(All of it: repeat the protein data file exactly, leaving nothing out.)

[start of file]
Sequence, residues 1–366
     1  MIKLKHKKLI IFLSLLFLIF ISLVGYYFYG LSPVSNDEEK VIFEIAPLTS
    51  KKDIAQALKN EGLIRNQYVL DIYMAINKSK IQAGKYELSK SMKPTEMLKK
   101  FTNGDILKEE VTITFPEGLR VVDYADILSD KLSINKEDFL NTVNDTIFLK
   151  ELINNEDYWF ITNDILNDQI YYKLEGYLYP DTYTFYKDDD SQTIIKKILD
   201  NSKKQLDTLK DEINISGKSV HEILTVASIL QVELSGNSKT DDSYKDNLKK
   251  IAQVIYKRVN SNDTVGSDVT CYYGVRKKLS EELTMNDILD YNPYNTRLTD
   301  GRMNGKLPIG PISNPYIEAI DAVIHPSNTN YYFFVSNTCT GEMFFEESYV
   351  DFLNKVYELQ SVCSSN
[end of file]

Sequence, residues 1–366
     1  MIKLKHKKLI IFLSLLFLIF ISLVGYYFYG LSPVSNDEEK VIFEIAPLTS
    51  KKDIAQALKN EGLIRNQYVL DIYMAINKSK IQAGKYELSK SMKPTEMLKK
   101  FTNGDILKEE VTITFPEGLR VVDYADILSD KLSINKEDFL NTVNDTIFLK
   151  ELINNEDYWF ITNDILNDQI YYKLEGYLYP DTYTFYKDDD SQTIIKKILD
   201  NSKKQLDTLK DEINISGKSV HEILTVASIL QVELSGNSKT DDSYKDNLKK
   251  IAQVIYKRVN SNDTVGSDVT CYYGVRKKLS EELTMNDILD YNPYNTRLTD
   301  GRMNGKLPIG PISNPYIEAI DAVIHPSNTN YYFFVSNTCT GEMFFEESYV
   351  DFLNKVYELQ SVCSSN